Relationship Coaching

Are You Struggling in a Relationship?

Humans are tribal creatures – we need relationships to thrive. But relating to other humans is also difficult. Sometimes when we hit relationship challenges and don’t have the support or tools we need things can spiral, pulling us into patterns that reinforce the hard parts rather than helping us find a path through them to something better.

  • Do you find your attempts to communicate often pushing you apart instead of connecting you?

  • Do you notice yourself or the other(s) in your relationship becoming highly reactive – getting triggered quickly, talking at or past each other, pulling away instead of reaching in when things get hard?

  • Are you feeling rigid, entrenched in positions/beliefs about what has happened and what’s possible?

  • Are you stuck in your stories – stories that don’t match – about what’s wrong?

  • Are you not feeling seen and heard or understood?

  • Are you wishing your relationship could be more like it used to be, or do you feel like the relationship needs to change, but there is a lot of resistance to making changes?

  • Are you not sure you should be in this relationship anymore, even though you don’t really want to leave, or do you know you really want to be in the relationship, but also know you need it to shift somehow?

  • Are you just feeling really confused about why you are not feeling happy in a relationship?

If you answered yes to some of these questions, I invite you to read on and explore what relationship coaching with me might bring you and your partner(s).

(This section of the website is focused on the coaching I do with all of the people in a relationship. If you want coaching as an individual about relationships – or a relationship – that work is included on my life coaching pages.)

What Sorts of Relationships Do I Coach?

While most of the relationships I coach are between people who are married or domestic partners or otherwise in a long-term “intimate” relationship, I am also happy to coach people in other sorts of relationships – siblings, parent-child relationships, co-parents who are no longer couples in that other sense, friendships – any relationship in which people are wanting to be strongly committed to each other over the long haul. (If you are interested in my work with teams in work settings, please see my Leadership Coaching page.)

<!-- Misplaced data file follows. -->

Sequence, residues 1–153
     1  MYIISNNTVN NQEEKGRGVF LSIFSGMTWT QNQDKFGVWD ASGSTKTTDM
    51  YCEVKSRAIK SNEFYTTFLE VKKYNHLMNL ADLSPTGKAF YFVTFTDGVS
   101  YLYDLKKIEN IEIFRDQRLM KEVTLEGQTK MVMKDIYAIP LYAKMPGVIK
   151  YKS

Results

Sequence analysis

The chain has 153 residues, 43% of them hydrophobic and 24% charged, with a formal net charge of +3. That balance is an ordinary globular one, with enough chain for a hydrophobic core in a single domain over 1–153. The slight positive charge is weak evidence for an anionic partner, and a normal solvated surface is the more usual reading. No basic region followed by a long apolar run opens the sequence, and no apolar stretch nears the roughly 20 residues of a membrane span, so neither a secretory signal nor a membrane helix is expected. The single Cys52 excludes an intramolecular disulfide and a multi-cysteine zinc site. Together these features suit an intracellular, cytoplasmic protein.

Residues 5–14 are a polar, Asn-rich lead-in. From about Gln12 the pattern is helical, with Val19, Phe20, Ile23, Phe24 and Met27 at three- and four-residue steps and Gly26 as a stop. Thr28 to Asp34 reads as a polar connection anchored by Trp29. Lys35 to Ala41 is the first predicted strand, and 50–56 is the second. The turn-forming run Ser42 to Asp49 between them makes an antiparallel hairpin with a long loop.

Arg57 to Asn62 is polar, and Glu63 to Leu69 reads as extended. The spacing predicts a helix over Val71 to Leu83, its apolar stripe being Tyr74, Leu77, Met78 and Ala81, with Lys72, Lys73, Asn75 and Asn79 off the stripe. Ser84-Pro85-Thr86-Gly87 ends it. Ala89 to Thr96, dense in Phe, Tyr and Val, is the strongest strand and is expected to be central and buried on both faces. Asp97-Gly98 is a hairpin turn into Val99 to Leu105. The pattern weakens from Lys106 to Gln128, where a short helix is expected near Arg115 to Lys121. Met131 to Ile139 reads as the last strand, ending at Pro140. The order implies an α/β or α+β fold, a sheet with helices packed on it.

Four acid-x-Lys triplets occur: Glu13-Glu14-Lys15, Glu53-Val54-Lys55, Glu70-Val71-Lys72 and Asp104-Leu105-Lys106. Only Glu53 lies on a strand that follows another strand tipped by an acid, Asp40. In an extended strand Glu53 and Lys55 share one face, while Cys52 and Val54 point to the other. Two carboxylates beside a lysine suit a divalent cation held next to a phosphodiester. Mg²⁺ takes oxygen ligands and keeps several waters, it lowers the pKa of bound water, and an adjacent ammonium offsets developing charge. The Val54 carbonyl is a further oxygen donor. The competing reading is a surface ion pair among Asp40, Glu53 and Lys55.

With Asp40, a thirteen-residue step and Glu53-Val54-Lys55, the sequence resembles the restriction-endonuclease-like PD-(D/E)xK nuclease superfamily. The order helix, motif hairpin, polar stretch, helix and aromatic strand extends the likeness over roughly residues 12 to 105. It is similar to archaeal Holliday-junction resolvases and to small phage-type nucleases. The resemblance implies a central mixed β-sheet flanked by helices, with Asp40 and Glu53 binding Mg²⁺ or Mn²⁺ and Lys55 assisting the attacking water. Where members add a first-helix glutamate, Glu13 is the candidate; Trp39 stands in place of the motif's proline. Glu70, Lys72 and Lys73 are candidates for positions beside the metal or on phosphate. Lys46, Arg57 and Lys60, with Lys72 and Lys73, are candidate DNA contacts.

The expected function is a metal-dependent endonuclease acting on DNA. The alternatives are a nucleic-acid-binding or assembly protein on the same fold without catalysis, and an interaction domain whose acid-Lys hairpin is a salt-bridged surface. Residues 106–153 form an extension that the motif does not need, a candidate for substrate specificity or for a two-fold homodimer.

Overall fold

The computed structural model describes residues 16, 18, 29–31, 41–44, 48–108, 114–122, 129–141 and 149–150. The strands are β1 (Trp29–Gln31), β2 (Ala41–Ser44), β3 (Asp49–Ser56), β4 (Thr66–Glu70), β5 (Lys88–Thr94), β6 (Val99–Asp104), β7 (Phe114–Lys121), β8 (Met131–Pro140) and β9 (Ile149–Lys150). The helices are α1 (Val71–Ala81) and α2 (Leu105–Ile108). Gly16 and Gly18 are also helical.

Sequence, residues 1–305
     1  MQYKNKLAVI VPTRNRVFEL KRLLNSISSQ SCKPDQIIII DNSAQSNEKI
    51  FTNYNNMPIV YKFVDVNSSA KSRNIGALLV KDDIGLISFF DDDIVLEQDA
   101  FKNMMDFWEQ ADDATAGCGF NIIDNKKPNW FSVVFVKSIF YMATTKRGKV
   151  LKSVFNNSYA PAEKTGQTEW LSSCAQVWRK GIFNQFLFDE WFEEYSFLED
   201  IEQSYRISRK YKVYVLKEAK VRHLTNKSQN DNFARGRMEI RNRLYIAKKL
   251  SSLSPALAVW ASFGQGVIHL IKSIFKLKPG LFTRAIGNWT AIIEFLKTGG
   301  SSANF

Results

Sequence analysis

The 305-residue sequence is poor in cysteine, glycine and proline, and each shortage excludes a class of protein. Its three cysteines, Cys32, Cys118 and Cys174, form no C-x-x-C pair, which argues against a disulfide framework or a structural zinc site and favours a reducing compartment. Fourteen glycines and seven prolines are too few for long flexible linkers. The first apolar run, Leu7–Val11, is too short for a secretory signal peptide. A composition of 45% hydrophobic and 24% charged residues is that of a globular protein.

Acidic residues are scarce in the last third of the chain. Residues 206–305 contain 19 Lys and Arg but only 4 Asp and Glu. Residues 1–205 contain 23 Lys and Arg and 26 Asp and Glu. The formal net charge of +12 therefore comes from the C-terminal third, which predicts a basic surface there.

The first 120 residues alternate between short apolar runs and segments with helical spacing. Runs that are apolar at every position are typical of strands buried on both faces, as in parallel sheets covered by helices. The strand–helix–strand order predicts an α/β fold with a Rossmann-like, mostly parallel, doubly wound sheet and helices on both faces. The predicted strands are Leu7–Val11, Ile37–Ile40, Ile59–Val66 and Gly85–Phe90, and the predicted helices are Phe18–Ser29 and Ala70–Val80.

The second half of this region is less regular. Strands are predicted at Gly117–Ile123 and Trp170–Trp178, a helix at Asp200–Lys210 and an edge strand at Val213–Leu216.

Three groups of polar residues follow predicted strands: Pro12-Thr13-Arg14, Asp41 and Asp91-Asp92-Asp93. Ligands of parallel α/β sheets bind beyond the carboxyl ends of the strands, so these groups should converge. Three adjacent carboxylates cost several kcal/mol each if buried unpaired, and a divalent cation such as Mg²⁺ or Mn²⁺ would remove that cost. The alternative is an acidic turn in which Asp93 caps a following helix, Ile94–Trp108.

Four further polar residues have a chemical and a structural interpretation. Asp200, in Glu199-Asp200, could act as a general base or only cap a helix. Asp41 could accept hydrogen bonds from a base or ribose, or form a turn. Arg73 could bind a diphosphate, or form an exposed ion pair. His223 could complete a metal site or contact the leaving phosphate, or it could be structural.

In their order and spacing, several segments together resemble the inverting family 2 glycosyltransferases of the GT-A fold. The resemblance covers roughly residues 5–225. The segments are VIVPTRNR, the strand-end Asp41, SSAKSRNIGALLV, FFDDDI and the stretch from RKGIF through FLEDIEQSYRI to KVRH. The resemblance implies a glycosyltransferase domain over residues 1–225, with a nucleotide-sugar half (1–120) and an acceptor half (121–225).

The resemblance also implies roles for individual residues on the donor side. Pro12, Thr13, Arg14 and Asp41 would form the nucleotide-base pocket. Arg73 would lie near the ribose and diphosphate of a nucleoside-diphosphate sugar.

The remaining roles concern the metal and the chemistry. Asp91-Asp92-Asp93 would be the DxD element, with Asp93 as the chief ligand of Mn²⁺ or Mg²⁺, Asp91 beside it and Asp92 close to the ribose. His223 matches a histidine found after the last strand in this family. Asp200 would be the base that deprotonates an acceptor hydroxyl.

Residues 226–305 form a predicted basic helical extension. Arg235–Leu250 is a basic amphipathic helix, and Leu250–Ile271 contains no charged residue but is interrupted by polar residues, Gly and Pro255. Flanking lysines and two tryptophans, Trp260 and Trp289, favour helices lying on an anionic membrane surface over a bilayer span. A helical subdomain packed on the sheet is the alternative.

I welcome relationships of all gender/sexual identity combinations. I am also happy to coach poly-relationships.

What is Coaching?

In coaching, we work together to clearly identify the challenges you are wrestling with, find new and useful ways to understand those challenges, and choose actions that will move you toward what you want to create. It is a process rooted in the assumption that you are, at your best, creative, resourceful, and whole; that you have the capacity to identify and work though whatever you are struggling with in ways that will lead to more understanding, more authenticity, and ways to be in relationship that honor and support you and the other(s) in the relationship.

My role as a coach is to support you in this process by:

  • Listening well, with deep curiosity, compassion, and appreciation.

  • Asking questions you might not think to ask.

  • Reflecting back what I think am hearing/seeing – the possible patterns, your deep wisdom (which you might just go right by without noticing), the things you are saying you want, the commitments you are making – without ever getting attached to whether I am right; just laying them out there for you to see and respond to.

  • Offering you new tools, new framings, to try out.

  • Actively holding a space for you to do this work – that is, setting up a regular time for you to focus on it, and gently helping you stay focused on what you have said you want to work on during that time.

Coaching Is Not Therapy (nor is it mentoring, counseling, or advice)

I am not a psychiatrist or psychologist. The work we will do is not about identifying pathologies, or focusing on the ways that you, or your relationship, are broken. It is not my job to diagnose you in any way, nor will we focus a lot of time on the past, or on the ways in which whatever you find challenging has been labeled in the past. This does not mean that I will ignore, or ask you to ignore, lenses that may be useful to you in identifying your experiences (and “diagnoses” can be lenses); it just means that I will not be focused on those labels. I will be focused on what your experience is, now, and what you want it to be in the future.